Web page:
Gas tax bill appears likely during the '08 session, but so does a veto
WILLMAR -- When Sen. Steve Dille was a member of the House of Representatives, he was one of just five Republicans to vote in favor of a gas tax increase.
The year was 1988 -- the last time Minnesota raised its gas tax.
The Republican leadership didn't favor the increase at the time, said the Dassel legislator, who is proud of the vote he took 20 years ago.
"History has shown that was the right thing to do," Dille said.
Now a senator, Dille said he intends to vote for a 7½-cent gas tax increase that is expected to be proposed during this legislative session, which begins Tuesday.
"I want to do the same thing I did in 1988," Dille said.
Based on reports from the Minnesota Department of Transportation, Dille said Minnesota needs $1.8 billion a year for the next 10 years "just to catch up" on state and local road and bridge projects.
A 7½-cent gas tax increase would raise about $700,000. Other possible provisions in a bill could include other fee increases that would raise additional revenue for the cash-strapped agency. A bill that's similar to the one the Legislature approved last year, and was vetoed by Gov. Tim Pawlenty, is expected to be heard early in the session.
Like last year, it's expected the bill will pass the House and Senate, and most expect the bill will again be vetoed.
Last year an attempt to override the veto failed in the House.
Even though a Democratic majority guarantees a veto override in the Senate without Republican help, Dille said he'll also vote to override a veto.
The gas tax is an issue where he "disagrees" with the governor, he said.
Before the Senate gets a chance to override a veto, however, the House must over-ride a veto.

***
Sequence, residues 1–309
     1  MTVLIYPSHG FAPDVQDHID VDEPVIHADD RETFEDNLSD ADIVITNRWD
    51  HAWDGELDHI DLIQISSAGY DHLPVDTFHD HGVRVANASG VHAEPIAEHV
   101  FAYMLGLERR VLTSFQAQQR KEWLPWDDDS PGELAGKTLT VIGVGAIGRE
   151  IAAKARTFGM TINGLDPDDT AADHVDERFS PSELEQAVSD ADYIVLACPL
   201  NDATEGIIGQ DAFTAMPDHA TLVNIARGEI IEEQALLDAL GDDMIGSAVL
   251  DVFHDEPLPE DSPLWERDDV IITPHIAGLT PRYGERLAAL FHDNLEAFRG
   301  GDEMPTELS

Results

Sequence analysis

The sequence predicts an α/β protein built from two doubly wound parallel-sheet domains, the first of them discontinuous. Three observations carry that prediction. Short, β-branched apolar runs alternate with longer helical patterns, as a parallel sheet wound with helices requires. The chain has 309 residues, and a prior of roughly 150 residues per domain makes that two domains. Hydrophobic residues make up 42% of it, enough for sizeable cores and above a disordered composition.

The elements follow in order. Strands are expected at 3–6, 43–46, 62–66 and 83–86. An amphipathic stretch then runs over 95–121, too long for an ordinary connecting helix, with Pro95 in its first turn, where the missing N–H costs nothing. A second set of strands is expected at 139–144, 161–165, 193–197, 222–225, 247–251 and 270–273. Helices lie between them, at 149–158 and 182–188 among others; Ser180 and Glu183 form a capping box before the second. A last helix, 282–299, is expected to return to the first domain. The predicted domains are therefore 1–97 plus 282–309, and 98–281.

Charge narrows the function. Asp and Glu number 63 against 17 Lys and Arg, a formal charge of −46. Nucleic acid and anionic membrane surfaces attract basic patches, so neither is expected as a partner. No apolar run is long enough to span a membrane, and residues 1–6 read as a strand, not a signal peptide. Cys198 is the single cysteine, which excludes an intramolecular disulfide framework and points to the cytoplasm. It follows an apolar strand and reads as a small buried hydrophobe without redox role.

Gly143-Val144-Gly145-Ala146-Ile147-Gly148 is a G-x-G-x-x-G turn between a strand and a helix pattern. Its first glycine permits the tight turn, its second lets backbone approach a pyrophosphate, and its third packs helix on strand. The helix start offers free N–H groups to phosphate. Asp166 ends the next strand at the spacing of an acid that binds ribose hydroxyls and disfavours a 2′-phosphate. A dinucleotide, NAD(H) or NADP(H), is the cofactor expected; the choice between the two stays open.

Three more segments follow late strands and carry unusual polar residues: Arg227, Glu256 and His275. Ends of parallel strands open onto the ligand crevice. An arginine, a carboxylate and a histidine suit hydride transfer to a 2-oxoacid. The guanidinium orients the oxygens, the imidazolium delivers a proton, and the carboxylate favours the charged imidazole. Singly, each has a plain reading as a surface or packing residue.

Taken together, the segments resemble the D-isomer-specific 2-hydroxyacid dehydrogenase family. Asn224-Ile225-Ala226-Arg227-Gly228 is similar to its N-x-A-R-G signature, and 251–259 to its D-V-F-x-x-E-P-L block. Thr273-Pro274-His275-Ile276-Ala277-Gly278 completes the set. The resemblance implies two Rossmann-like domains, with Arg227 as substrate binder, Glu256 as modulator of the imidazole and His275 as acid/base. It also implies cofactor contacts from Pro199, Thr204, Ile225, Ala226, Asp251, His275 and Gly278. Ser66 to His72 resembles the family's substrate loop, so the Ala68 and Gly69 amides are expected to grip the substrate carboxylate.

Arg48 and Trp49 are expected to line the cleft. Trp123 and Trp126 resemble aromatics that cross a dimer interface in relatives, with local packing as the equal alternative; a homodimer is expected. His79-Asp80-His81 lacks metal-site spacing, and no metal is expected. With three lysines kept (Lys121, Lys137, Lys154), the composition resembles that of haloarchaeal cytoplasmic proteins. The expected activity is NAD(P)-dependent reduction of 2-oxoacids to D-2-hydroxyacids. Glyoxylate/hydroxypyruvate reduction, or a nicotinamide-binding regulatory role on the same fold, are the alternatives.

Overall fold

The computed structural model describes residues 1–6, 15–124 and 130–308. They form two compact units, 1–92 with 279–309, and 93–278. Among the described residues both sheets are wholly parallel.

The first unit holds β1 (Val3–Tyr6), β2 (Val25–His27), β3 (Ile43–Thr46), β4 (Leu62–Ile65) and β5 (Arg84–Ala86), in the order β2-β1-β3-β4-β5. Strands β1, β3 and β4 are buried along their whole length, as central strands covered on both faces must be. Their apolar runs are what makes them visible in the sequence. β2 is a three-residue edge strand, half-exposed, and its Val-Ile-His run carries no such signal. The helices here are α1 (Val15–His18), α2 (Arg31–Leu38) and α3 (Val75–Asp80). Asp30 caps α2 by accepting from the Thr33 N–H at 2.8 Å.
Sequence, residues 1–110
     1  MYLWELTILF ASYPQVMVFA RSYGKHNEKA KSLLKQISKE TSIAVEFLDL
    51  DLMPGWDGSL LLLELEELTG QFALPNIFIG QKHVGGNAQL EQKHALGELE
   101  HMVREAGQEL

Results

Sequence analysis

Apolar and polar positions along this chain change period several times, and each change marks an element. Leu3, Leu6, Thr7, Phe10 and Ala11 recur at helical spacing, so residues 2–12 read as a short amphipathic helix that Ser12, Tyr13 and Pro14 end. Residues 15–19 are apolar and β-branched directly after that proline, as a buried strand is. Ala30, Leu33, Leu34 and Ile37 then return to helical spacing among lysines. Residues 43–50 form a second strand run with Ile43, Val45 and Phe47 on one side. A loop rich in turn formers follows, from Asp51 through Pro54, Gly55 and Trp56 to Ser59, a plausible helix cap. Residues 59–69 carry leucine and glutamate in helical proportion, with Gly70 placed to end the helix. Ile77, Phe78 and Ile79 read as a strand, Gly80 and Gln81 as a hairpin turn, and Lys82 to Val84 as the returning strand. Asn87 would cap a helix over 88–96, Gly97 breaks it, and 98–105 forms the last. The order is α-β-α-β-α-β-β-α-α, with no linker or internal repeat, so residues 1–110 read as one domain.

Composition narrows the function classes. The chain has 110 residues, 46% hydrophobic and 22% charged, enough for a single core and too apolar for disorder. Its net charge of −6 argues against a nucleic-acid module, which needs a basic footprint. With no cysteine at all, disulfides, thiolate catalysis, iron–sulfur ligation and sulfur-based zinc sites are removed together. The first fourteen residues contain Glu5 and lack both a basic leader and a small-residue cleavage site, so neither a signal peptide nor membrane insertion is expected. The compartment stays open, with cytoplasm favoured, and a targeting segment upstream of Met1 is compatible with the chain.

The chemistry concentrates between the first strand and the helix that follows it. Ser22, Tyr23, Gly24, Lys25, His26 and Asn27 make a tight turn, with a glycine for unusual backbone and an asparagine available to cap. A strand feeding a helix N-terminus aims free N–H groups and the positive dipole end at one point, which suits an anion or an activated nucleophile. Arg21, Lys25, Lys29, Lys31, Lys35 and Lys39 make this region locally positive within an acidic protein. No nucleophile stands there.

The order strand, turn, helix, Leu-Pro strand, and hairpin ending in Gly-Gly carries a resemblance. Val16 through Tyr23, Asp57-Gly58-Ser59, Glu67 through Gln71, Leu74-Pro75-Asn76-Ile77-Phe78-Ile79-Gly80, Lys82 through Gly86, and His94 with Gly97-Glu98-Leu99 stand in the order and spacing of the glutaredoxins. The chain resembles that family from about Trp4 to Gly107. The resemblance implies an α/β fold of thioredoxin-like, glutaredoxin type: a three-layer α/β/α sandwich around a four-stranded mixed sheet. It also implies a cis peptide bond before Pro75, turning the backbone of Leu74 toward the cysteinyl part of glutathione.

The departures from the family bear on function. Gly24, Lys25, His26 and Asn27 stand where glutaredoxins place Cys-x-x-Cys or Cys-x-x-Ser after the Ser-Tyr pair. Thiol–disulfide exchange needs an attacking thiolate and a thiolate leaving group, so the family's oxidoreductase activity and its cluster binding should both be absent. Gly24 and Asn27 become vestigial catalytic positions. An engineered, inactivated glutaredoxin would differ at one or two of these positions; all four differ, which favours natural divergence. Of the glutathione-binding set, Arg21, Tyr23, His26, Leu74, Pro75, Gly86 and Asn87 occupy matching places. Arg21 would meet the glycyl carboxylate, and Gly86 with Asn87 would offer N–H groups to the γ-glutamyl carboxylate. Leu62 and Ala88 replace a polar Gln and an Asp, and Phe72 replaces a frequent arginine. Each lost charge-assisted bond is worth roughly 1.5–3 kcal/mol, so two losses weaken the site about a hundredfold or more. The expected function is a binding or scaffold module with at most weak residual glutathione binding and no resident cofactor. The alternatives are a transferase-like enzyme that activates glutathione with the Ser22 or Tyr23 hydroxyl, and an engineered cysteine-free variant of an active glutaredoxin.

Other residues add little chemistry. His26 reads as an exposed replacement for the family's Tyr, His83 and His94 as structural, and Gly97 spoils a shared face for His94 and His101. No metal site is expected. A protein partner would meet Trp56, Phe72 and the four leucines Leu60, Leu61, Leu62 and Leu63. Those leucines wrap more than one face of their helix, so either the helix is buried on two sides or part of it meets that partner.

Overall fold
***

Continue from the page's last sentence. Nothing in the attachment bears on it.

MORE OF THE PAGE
Rep. Dean Urdahl, R-Grove City, is making no commitment on his gas tax vote until he sees exactly what's in the bill. Urdahl said he wants to see a transportation bill that "gives sustainable funding to our local government units" who build roads and bridges.
Urdahl, who voted for the transportation bill but voted against the veto override last year, is making no predictions on whether a veto attempt will succeed this year in the House.
"It will be vetoed," he said. "And then I don't know what will happen."
Sen. Joe Gimse, R-Willmar, doubts an override is possible in the House, but said he has a gut feeling that if a "good, common sense" bill is presented to the governor it'll "fare well."
Gimse said there are "indications from the governor's office" that he would be receptive to a gas tax increase.
Dille said, however, any gas tax approved by the governor would likely have to be off-set by a decrease somewhere else, making it a revenue-neutral move.
So far, said Sen. Gary Kubly, DFL-Granite Falls, "the governor's been unable to find a transportation bill he's willing to sign."
When polled, Dille said about 70 percent of Minnesotans will say they don't want a higher gas tax. But that doesn't mean legislators shouldn't vote for a gas tax increase.
"Once in a while you have to provide leadership," he said, adding that the state "definitely" needs the transportation money.
Given the state's needs for transportation improvements, Dille said the only reason he can see for voting against, or vetoing, a gas tax increase is for "political considerations."